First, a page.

‘Run Fasters’ bring it in under an hour

Move yourself... and improve your health. That’s one of the key messages of the walking and running program being promoted by two C.E. Barry school.

Running buddies

Move yourself… and improve your health.

That’s one of the key messages of the walking and running program being promoted by two C.E. Barry staff members, Pauline Knapton and Kim Hollmann.

Knapton, the school’s  First Nations support worker, got the group going four years ago, under the aboriginal Honour Your Health initiative. It is open to any interested participants.

The first year, there were only nine members but Hollmann — who joined in Year 2 — says, ”It’s been growing exponentially since then. This year, we had 52 members… and we  had to cap it at that because we didn’t have any more group leaders.”

The annual Sun Run in Vancouver is a focal point for the group, which started training in January to be ready for the 10K run that takes place in mid-April each year. Fifty-one members took part in the run last Sunday, starting in three groups.

“We have the walking group, the ‘Learn-to-Run’ and the ‘Run Faster groups,” said Hollmann on Monday. “The walkers practice three times a week and they learn to walk 10K without stopping, so they can take part in the Sun Run.

“The Learn-to-Runs basically start out walking. It’s walk two minutes and run one in the beginning, then it builds up to 60 minutes of continuous running.

“Jacob Cowan [a fellow teacher at the school] is in charge of the Run Faster group. They start at the 60-minute mark and work at building their speed, with hill training and fartlek. They run over to Thacker Mountain and run up and down the road.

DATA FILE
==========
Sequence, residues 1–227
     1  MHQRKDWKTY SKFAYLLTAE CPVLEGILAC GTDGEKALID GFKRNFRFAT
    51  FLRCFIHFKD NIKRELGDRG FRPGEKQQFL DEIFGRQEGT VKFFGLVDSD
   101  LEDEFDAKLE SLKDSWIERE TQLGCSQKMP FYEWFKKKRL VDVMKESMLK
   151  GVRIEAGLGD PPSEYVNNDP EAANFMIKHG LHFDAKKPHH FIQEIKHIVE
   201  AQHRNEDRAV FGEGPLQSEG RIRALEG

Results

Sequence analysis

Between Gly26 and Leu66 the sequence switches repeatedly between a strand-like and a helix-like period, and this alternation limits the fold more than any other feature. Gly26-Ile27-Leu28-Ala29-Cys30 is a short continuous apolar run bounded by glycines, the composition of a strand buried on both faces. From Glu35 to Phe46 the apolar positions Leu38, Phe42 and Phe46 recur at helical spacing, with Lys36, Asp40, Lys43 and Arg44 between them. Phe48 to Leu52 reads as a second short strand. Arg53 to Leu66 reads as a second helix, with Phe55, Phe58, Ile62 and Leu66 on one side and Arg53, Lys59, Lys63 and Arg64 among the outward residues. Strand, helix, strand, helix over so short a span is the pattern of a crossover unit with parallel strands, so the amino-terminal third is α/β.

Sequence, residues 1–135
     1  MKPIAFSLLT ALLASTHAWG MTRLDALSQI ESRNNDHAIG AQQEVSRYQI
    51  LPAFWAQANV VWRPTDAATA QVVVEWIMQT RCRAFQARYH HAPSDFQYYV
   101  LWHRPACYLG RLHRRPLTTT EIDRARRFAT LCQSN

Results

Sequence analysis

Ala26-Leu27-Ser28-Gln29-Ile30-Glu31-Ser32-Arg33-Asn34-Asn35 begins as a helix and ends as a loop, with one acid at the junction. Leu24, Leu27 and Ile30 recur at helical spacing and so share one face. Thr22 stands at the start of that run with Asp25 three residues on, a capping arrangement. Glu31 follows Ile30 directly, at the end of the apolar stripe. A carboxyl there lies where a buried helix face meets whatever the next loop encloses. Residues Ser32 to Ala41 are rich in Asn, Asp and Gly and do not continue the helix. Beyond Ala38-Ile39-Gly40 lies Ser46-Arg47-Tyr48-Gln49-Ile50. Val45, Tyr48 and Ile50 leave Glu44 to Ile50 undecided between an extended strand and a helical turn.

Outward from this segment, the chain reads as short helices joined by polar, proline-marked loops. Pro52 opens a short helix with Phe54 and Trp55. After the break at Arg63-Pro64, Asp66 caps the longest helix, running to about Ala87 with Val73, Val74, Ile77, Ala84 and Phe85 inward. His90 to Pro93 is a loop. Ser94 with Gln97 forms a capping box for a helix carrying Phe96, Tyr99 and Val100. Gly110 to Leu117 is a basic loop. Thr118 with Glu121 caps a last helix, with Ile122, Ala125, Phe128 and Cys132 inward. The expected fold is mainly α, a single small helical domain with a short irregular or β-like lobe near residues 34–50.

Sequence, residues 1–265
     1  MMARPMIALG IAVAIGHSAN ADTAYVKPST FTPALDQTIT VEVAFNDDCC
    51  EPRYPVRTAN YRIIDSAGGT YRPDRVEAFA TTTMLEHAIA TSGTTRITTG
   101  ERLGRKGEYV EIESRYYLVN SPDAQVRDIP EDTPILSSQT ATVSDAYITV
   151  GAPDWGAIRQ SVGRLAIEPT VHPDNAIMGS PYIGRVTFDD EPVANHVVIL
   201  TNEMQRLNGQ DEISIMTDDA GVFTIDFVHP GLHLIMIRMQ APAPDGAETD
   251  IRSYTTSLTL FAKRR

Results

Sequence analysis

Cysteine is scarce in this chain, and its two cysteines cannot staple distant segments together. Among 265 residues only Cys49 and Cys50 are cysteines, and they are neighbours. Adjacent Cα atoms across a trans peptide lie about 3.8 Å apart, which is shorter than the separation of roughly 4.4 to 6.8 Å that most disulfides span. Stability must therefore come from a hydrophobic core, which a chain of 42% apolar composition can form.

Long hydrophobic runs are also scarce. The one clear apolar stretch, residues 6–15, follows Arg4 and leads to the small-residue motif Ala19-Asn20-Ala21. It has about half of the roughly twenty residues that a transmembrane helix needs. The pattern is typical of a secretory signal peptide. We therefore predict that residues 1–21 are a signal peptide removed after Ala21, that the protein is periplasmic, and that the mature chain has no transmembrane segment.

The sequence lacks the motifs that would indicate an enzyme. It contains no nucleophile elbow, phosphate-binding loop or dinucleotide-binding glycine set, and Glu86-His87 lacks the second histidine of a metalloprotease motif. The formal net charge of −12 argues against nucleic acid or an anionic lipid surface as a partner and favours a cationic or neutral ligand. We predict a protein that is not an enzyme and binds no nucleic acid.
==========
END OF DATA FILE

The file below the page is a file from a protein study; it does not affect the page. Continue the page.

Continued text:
“All of the Run Fasters finished the Sun Run in under one hour,” added Hollmann.

Team members are expected to practice twice on their own or in small teams each week, then join together on Sunday evening for a group session.

“When we started in January, it was dark by 6:00,” said Hollmann, whose husband Peter and their four sons have also caught the running bug . “We gave people glowsticks, which they put on their wrists or on their hats. Others had flashers and reflectors. It was really something, to see 52 of us going down the road.

“This was the worst weather we’ve trained in — but the people kept turning up. It’s actually fun to get out in the rain with that many people. When it snowed and was too dangerous to run outside, we opened up the school and people ran in the hallways. That got boring, though!”

Another important aspect of the program is family involvement.

“We asked any students who wanted to join, to come with a family member,” explained Hollmann. “At least one parent had to come train — walking or running. That makes it easier to supervise kids at the Sun Run.”

That requirement has ended up bringing many new members to the club, with whole families getting into the action.

“Sarah and [her dad] Jeff Irwin got one hour and a few seconds this year,” said Hollmann. “Jeff was in the walking group last year but he says he loves it in Learn-to-Run.”

Hollmann is in charge of that group and she and her 9 year old son Fraser finished the run in 1 hour, 6 minutes. Kai, 7, had just gotten a cast off his foot and had to walk the route — but still got a time, said Mom. Dawson, aged 12 and Bendix, 14, both went under one hour this year, with Dawson shaving 12 minutes off his last year’s time.

James Irwin posted the best time for the club, at 48:06, while Jacob Cowan was the fastest adult, with a 52:59 finish.

With that run out of the way for the year, Hollmann said many of the group will turn their focus to other runs during the summer.

Many will be taking part in Abbotsford’s “Run For Water” run on Sunday, May 29. There’s a 5 and 10K run, as well as half and full marathons. Peter Hollmann will be running the marathon, his first-ever.

“It’s important to have events to go to, so you’ll have a reason to keep practicing,” says Hollmann.

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